The end of

For a while now I have been meaning to write about a few other websites out there that also provide platforms to engage users in collaborative writing. I have been a user in many of them, and they all have good things and bad things (in my personal opinion of course). I will leave that for a future post, but for now I wanted to say something about one of these sites: Fabulate

This week, I was sad to hear that Fabulate is closing its doors. In Fabulate, users would submit an idea, then vote for their favorite, and finally the winning idea would move on to the next chapter, when the process is repeated. Sounds familiar? When I first heard about Fabulate, I was excited to see that my vision for Wribly was shared by other people. However, under the similarities in the surface, I realized that the implementation was very different. Let me highlight what I believe are the 3 key differences between Wribly and Fabulate:

1)  Wribly imposes a structure for the creation process, i.e. each stage has rules for content and organization. This process is an adaptation of the snowflake method mentioned in a previous post. In Fabulate, users are free to write whatever comes to their mind as long as it is a continuation of the previous chapter and within the word limits.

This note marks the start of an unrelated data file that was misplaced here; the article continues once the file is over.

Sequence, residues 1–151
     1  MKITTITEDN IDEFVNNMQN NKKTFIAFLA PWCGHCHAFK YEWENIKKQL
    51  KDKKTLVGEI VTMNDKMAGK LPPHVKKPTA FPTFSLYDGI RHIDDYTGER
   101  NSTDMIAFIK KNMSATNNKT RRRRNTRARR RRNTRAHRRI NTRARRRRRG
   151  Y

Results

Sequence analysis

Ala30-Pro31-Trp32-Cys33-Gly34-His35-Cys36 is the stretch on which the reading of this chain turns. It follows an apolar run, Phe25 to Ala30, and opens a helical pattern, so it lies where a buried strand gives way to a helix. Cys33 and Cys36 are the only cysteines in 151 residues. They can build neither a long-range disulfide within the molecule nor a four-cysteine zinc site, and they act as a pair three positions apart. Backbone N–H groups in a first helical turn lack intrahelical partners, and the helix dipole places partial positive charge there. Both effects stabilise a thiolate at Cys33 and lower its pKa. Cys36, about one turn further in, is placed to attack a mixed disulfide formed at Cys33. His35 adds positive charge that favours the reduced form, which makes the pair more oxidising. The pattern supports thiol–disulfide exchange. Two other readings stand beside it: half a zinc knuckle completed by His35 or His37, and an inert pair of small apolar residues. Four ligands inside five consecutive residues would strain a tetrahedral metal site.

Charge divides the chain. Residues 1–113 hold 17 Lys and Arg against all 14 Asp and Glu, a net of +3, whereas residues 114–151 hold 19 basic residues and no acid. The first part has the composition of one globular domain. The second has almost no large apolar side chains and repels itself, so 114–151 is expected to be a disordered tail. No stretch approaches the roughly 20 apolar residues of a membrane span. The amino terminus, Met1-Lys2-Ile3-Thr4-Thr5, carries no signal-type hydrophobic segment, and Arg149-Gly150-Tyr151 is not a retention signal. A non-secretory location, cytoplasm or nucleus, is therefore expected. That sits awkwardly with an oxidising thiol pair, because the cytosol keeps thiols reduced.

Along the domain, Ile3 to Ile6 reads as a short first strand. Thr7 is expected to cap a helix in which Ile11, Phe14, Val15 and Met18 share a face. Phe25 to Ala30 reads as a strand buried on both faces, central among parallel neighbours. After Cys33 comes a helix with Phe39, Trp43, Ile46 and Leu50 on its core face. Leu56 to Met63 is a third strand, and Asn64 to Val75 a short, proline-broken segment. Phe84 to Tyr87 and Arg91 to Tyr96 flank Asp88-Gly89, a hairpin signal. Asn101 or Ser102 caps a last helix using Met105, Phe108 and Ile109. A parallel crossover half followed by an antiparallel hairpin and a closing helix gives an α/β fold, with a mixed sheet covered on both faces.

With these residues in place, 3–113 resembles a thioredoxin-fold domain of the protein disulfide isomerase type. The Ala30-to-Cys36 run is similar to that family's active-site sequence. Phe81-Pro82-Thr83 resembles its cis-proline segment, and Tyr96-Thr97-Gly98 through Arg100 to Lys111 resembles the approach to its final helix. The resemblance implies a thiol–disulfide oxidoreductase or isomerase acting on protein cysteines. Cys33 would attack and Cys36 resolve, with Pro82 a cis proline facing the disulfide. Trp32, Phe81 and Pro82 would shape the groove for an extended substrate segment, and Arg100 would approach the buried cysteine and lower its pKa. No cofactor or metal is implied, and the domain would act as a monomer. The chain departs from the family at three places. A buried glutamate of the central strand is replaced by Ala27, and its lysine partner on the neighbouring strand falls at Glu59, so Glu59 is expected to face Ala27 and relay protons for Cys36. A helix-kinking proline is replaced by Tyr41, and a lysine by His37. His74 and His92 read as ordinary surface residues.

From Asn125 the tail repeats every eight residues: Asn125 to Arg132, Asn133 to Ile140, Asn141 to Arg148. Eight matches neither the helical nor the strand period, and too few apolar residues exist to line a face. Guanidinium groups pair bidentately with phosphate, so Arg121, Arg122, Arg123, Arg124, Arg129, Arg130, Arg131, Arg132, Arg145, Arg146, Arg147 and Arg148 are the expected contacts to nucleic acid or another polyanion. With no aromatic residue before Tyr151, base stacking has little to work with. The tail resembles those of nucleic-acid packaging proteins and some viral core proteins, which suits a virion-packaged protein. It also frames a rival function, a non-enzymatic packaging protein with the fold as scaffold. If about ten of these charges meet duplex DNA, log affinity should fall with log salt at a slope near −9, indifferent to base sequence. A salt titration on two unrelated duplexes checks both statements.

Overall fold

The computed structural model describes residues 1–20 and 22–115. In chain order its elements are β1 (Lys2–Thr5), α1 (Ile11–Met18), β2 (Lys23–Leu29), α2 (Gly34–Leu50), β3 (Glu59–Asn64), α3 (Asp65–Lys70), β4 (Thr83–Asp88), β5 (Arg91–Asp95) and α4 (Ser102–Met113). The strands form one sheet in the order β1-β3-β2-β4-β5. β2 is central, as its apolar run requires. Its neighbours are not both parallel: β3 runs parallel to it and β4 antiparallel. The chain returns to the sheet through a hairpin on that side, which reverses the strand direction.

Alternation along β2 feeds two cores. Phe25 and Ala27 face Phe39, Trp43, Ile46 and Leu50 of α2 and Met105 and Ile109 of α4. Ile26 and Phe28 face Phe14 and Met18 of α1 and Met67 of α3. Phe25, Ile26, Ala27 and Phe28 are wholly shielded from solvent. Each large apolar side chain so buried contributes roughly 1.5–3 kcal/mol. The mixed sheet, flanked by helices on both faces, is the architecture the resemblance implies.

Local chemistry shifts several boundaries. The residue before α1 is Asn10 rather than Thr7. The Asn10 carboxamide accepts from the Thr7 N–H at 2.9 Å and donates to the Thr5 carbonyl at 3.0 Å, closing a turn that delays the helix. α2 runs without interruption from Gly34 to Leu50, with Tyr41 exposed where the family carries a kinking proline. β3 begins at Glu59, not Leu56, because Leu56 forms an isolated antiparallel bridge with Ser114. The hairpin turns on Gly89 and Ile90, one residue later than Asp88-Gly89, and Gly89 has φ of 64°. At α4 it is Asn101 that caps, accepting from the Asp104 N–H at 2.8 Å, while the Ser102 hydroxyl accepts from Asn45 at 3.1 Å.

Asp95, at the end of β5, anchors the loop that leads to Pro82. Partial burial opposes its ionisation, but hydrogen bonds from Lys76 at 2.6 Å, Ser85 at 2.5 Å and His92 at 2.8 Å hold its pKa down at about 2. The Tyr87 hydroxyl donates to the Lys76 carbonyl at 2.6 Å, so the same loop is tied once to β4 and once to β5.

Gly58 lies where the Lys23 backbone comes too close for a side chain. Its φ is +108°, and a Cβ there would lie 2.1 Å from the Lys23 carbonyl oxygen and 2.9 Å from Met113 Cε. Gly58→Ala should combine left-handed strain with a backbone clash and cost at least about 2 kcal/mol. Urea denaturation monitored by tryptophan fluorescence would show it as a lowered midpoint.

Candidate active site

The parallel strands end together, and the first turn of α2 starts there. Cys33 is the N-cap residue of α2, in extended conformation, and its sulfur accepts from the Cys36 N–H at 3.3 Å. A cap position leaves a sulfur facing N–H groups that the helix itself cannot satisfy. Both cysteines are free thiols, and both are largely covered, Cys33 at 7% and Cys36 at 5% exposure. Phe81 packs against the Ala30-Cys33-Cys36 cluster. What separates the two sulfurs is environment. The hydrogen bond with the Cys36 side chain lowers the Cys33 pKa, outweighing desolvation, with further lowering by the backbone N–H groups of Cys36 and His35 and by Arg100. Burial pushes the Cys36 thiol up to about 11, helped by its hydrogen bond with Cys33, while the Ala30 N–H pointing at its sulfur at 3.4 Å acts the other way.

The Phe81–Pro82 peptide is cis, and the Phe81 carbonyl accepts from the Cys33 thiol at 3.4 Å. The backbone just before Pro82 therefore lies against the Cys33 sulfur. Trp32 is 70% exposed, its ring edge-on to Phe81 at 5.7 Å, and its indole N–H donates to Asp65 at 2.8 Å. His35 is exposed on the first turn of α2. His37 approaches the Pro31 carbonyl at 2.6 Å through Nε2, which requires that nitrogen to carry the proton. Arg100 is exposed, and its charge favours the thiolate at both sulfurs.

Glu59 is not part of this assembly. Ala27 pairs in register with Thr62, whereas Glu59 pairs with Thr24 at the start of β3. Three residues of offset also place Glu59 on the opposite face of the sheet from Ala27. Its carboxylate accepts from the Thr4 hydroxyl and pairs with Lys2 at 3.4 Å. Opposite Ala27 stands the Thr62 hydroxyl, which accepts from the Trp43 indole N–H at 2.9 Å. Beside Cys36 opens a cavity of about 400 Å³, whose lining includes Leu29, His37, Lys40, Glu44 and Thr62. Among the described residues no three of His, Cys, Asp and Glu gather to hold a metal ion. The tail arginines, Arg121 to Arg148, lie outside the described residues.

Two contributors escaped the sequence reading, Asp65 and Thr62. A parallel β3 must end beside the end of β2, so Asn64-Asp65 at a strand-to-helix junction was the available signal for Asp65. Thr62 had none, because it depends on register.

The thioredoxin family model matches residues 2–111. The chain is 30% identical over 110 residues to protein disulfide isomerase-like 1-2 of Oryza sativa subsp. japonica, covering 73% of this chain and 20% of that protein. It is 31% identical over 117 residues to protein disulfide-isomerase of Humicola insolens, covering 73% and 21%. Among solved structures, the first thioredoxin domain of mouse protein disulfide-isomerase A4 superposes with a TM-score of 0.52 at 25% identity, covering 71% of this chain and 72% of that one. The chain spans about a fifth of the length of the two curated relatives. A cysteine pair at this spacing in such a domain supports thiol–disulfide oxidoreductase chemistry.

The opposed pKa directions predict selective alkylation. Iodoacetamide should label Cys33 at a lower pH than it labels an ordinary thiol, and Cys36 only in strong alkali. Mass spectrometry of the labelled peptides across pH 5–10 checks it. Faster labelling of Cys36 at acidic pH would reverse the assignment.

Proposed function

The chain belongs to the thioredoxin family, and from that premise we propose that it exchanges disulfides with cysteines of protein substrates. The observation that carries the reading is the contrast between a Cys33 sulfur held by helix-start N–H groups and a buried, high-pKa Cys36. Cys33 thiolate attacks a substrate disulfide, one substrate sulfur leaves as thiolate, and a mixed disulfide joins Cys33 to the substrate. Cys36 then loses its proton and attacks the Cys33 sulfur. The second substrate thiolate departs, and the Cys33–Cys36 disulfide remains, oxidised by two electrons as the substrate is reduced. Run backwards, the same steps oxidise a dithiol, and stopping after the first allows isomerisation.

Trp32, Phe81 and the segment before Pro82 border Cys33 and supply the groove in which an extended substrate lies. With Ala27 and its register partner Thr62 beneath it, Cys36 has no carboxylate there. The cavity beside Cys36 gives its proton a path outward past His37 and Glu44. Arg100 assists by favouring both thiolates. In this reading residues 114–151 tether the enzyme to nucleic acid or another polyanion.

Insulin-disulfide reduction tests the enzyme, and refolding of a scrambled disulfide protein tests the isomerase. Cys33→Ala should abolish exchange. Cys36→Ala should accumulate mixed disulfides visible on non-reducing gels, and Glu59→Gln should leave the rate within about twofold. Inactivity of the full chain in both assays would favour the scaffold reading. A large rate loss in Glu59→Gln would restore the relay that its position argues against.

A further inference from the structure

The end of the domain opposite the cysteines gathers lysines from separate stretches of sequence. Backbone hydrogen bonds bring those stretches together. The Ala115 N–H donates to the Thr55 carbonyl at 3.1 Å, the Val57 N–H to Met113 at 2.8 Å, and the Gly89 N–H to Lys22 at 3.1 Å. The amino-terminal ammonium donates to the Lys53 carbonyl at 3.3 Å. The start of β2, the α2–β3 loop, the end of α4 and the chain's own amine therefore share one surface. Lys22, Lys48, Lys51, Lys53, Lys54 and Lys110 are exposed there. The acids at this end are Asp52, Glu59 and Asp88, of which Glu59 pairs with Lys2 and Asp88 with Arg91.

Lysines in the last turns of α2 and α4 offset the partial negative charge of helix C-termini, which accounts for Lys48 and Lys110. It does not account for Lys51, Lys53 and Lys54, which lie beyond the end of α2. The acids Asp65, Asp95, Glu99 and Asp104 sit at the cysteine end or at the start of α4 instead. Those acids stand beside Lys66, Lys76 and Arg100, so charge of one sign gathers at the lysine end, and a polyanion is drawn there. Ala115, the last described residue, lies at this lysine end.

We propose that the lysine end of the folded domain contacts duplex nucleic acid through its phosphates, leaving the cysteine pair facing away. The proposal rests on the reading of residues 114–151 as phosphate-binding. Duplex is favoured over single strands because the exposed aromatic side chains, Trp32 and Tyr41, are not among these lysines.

2) The voting in Wribly uses a new method we are developing to allow a fair assessment of the quality of the work without the need of keeping in mind all the other submissions I have read. In Fabulate, as in many other websites, users would vote by assigning a number of stars, from 1 to 10, to each submission

3) Wribly is targeted for use by high school students. Fabulate is targeted to the whole web.

Fabulate’s creator and administrator, Ryan, has been nice enough to give me very good advice on how to improve Wribly as well as let me know some of the things he would have done differently on Fabulate. I am very thankful for his help, and I can’t wait to hear about his future projects!

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